In all the refugee camps I’ve visited over the last 13 years, soccer—or football, as it’s called around the world—has a unique and special power to bring joy, unity, and even hope to people that have experienced and continue to live with extreme trauma and stress.
I saw it on my first trip to Darfuri refugee camps on the Chad-Sudan border in 2005. The people I was meeting still had the shock of violence on their faces. They had experienced unimaginable horrors. When I pulled a football out of my bag, their faces softened. When the ball began to roll, for that moment on that rocky hill just outside their refugee camp, they experienced that mysterious joy that comes from the beautiful game.
Today, we began training and coach selection for the Refugees United Soccer Academy (RUSA) in refugee camp Ntendeli, in northwest Tanzania. The group of men and women came in apprehensively and guardedly to our first meeting. As usual, the introductions and first exchange of information were a bit awkward.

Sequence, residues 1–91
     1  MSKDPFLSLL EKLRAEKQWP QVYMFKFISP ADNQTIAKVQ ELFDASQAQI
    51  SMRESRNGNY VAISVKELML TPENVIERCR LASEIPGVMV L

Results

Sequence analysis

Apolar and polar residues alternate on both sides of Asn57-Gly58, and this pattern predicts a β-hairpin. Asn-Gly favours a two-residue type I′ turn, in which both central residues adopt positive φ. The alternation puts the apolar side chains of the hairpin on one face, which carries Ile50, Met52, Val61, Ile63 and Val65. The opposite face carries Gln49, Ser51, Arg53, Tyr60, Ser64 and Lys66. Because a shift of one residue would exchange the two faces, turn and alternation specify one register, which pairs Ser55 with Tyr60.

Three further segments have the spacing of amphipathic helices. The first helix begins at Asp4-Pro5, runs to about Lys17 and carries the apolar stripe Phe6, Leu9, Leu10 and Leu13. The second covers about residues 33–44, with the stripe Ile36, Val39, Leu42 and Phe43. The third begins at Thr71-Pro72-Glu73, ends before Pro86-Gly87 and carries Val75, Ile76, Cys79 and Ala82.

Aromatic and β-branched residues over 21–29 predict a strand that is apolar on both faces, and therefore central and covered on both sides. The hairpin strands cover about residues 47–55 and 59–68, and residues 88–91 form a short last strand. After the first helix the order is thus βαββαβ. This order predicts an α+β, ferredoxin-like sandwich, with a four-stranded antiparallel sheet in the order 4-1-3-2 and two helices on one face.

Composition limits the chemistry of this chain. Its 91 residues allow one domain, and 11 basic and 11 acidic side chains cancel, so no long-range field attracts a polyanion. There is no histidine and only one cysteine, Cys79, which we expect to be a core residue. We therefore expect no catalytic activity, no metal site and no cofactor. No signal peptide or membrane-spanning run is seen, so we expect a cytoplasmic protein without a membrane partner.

But then we walked outside and began to play, and the disconnected group of young men and women became one. The drills and games that the coaches will learn and then teach _ children are designed to build soccer, leadership, and interpersonal skills. Before any of that even happens, they build a joyful space that is perfect for healing.
The game of football is powerful in and of itself. We’ll soon see what it does to the world, with the 2018 World Cup starting in a little over a month. For refugees living in camps where they often feel powerless and isolated, a comprehensive program that uses that almost magical round object, a football, can be transformational.